# Have I used induction correctly in this proof of $x<y \implies x^n<y^n$?

A while ago I posted an attempt at a proof of $x<y \iff x^n<y^n$. It was pointed out that I hadn't actually used induction, and had instead done a direct proof. Below is the link to the question, so please do not mark this question as a duplicate, as this new question is about whether I have now done the proof by induction correctly, rather than accidentally reverting to a direct proof.

Is this proof of $x<y \iff x^n < y^n$ correct?

Also, be aware that I am, below, attempting to prove only that $x<y \implies x^n<y^n$.

Claim: $x<y \implies x^n<y^n$ for $x,y>0$ and $x,y,n \in \mathbb N$.

Proof:

Let $P(n)$ be the statement that $$x<y \implies x^n<y^n,$$ for $n\in \mathbb N$. It is clear that $P(n)$ holds for $n=1$ since $x<y \implies x<y$.

Assuming that $P(n)$ holds for some $n = k$, we see that this implies that $P(n)$ holds for $n=k+1$, as follows.

$$x<y \implies x^n<y^n$$

Since we know that $x<y$, if we multiply $x^n<y^n$ by $x$ we get that: $$x^{n+1} < xy^n,$$ from which it follows that $$x^{n+1} < y^{n+1}.$$

Thus $P(k)$ true $\implies$ $P(k+1)$ true, and so by induction we can prove the claim that $P(n)$ holds for all $n \in \mathbb N$.

• I think the proof is okay, I can't find anything wrong. – Anik Bhowmick Aug 8 '18 at 15:51
• probably $n\in \mathbb N$ in the claim – Exodd Aug 8 '18 at 15:51
• @Exodd I have made this change. – Benjamin Aug 8 '18 at 15:52
• @AnikBhowmick I feel a bit uncomfortable with the step where I multiply by $x$, since I (a) feel like I am ignoring the LHS and (b) am not sure how this exactly relies on the fact that P(n) is true. – Benjamin Aug 8 '18 at 15:53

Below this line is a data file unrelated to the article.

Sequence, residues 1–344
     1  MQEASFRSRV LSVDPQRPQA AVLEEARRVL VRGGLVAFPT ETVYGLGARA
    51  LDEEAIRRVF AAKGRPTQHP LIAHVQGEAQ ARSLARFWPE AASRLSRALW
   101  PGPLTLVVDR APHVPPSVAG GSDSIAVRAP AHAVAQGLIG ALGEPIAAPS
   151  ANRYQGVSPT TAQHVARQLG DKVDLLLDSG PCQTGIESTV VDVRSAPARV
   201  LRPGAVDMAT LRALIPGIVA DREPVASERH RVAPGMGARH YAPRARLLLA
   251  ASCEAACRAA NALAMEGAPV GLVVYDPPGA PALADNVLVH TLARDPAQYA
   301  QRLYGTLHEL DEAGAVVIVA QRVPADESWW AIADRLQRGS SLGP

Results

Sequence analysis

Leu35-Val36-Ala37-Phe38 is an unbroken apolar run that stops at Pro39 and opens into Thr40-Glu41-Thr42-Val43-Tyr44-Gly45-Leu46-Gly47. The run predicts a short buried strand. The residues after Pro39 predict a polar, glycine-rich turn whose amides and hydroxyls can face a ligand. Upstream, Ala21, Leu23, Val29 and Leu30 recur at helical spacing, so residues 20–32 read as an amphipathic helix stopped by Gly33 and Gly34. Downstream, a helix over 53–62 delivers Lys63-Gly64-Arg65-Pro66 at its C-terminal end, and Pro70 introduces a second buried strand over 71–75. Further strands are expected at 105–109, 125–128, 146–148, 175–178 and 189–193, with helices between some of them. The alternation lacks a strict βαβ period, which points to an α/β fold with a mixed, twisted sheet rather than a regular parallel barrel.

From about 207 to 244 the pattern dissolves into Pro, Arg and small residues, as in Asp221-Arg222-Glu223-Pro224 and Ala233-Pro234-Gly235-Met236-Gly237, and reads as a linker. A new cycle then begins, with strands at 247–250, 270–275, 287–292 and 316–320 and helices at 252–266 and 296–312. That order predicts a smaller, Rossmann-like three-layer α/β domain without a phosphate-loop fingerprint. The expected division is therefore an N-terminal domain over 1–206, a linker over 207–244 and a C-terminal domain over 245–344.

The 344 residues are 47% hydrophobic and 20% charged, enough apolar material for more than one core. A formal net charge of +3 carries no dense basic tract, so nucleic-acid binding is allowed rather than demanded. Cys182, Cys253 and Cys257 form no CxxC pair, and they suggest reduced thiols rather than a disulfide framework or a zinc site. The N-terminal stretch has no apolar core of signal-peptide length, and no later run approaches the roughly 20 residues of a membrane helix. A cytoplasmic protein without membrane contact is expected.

• (a) Since $x>0$, it's completely okay. There is no fact of ignoring the LHS. (b) That's the statement of mathematical induction, right ?? If $P(K+1)$ is true whenever $P(K)$ is true, then $P(n)$ is true $\forall n \in \mathbb N$ !! Where is the ambiguity ?? – Anik Bhowmick Aug 8 '18 at 15:59

In my opinion you should work better out where and how you use the inductive claim (I. C.).

$x^{n+1}=x\cdot x^n\stackrel{I.C}{<}x\cdot y^n\stackrel{x<y}{<}y\cdot y^n=y^{n+1}$

• I am not sure I follow your superscript notation, could you possibly explain that in more detail? – Benjamin Aug 8 '18 at 15:54
• Sure: The superscript $I.C$ notes, that this estimation uses the inductive claim. The superscript $x<y$ notes, that we use for this estimation, that $x<y$ by assumption. Is it clear now? – Cornman Aug 8 '18 at 15:55
• Yes that makes it clear, so long as by Inductive Claim you mean assuming $P(n)$ is true for $k$? – Benjamin Aug 8 '18 at 15:57
• The inductive claim $P(n)$ is, that the estimation $x^n<y^n$ holds for arbitrary (but fixed) $n\in\mathbb{N}$. You do not need to involve $k$, as José Carlos Santos pointed out. – Cornman Aug 8 '18 at 15:59

It is correct. Two remarks, though:

1. There is no need to use two letters ($n$ and $k$). One is enough.
2. Indeed, it follows from $x^{n+1}<xy^n$ that $x^{n+1}<y^{n+1}$, but you did not say why. This is where you use the fact that $x<y$.
• Should I then have made more clear that because $x<y$ it is the case that $x^{n+1} < xy^n < y^{n+1}$? – Benjamin Aug 8 '18 at 15:56
• @Benjamin Yes, you should. – José Carlos Santos Aug 8 '18 at 15:57